FDR nerves? Tame the catastrophes in your head

Woman sitting at a very messy desk surrounded by paperwork. She looks anxious and has her head in her hands.

Financial Dispute Resolution (FDR) hearings are often one of the most stressful parts of a divorce and their looming shadow can trigger a wave of anxieties. It’s completely understandable to feel nervous and overwhelmed but often these feelings morph into full-blown catastrophising –  imagining the worst possible outcomes and they play out in agonising detail in our heads.


You're not alone. Catastrophising is a sneaky mental habit many of us fall prey to, especially in high-pressure situations like divorce. It might feel "productive" – a way to prepare for every scenario –  but ultimately, it leaves us feeling overwhelmed, stressed, and much worse than we need to feel.

So, why do we catastrophise?

Fear of the Unknown: The FDR involves negotiation, and negotiation inherently has some uncertainty. Our brains, wired for survival, try to predict and control the situation by conjuring up the worst-case scenario. We think we're preparing for the worst” but all we are doing is making the present much harder than it needs to be.

Loss of Control: Divorce is a life-altering event, and the FDR feels like another step in letting go of the past. Catastrophising can be a way of clinging to some semblance of control, even if it's an illusion.

Emotional Rollercoaster: Divorce is emotionally messy. Negative emotions like anger, resentment, and insecurity can fuel catastrophic thinking, painting a bleak picture of the future.

But here's the thing: catastrophising rarely aligns with reality. It saps our energy, hinders clear thinking, and makes situations like FDR’s feel even more daunting.  So, how do we break free from this unhelpful mental loop?

Challenge the Catastrophes: When a negative scenario pops into your head, question its validity. Ask yourself, "How likely is this to actually happen?" and "What evidence supports this fear?" Often, you'll find the worst-case scenario is highly improbable. 

Just breathe: If we feel that your thoughts are spiraling out of control, focus on your breathing. This brings us back the present moment and helps ground us.

Focus on the Facts: Ground yourself in reality. Instead of dwelling on "what ifs," focus on the facts surrounding your financial situation, the proposed settlement, and your lawyer's expertise. Knowledge is power, and a clear understanding of the situation reduces room for catastrophising.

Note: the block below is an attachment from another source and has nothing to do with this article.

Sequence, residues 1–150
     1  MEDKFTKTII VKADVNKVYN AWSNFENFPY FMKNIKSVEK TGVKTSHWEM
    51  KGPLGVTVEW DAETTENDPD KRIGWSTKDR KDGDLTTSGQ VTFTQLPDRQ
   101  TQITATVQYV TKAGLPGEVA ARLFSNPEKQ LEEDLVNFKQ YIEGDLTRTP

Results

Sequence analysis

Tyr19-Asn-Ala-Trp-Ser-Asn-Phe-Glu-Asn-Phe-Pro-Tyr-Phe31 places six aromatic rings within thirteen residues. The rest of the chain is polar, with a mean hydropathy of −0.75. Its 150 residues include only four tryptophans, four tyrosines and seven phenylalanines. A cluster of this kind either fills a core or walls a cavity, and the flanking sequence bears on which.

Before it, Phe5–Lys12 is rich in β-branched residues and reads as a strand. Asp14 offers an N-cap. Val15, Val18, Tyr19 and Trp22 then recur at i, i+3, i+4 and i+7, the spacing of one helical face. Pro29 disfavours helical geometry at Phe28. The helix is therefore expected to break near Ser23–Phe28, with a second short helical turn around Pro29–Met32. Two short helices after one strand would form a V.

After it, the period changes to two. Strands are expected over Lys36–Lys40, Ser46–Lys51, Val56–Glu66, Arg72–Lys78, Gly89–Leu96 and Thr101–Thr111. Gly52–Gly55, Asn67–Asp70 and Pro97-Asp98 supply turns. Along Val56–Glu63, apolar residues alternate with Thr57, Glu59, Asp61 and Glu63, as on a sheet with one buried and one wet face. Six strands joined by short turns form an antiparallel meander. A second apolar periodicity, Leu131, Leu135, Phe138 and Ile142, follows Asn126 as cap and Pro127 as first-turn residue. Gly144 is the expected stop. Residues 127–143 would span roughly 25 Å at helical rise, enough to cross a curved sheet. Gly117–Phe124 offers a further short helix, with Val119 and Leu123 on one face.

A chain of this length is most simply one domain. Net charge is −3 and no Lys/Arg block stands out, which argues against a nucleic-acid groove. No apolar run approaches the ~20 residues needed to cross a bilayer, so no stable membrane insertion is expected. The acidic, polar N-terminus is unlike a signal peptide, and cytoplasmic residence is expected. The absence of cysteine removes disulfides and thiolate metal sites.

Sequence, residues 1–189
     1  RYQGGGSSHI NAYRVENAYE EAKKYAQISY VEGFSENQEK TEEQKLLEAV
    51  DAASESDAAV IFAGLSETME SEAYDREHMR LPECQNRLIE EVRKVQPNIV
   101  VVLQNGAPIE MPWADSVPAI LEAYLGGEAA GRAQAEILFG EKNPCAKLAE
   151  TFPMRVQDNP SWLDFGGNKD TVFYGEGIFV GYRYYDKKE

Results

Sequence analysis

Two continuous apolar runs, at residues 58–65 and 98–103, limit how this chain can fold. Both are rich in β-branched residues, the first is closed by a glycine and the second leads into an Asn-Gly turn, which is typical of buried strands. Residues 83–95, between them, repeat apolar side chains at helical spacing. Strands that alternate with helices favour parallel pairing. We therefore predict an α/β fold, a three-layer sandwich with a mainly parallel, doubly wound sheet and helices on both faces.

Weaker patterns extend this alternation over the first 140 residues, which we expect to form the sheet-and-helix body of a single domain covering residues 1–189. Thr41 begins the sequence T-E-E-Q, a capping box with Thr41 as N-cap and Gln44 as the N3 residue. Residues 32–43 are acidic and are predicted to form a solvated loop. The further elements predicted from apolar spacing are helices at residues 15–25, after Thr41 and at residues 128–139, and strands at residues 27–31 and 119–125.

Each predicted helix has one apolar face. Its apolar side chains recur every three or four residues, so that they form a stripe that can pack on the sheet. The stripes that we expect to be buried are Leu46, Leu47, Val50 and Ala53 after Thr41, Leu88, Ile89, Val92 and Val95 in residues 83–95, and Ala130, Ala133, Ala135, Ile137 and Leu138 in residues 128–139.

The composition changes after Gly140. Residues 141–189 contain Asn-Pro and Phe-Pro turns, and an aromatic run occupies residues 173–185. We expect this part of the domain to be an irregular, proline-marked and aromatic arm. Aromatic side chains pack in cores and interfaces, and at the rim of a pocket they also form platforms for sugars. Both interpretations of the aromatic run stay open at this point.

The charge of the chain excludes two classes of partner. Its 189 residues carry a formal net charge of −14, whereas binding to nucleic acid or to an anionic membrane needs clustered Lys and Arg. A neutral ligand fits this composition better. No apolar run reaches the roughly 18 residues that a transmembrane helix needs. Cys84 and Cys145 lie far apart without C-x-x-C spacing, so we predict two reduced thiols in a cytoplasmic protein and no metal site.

Shift Your Focus: Instead of fixating on the negative, turn your attention to what you can control. This could be getting a good night's sleep before the hearing, preparing any questions you have for your lawyer, or practicing relaxation techniques.

Positive Visualisation: Instead of picturing disaster, create a positive mental image of the hearing. See yourself communicating clearly, advocating for yourself confidently, and reaching a fair resolution. Visualisation can prime your mind for a more successful outcome.

Remember, the FDR is a negotiation, not a battlefield. You and your lawyer, if you have one, are there to represent your interests and advocate for a fair settlement.

Talk it Out: Don't bottle up your anxieties. Talking to a trusted friend, coach or therapist about your catastrophising tendencies can help you gain perspective and develop coping mechanisms.

Taking these steps can help you break free from the cycle of catastrophising and approach your FDR with a calmer, more empowered mindset.  Focus on what you can control, trust the process, and remember, many couples navigate FDR hearings successfully every day. You can do this. 

Would you like weekly tips and advice on how to rebuild your life after divorce or relationship breakup? Sign up for my newsletter 'The Next Chapter'. 


I hate SPAM. I will never sell your information, for any reason or send you excessive emails. You can opt out of my list at anytime.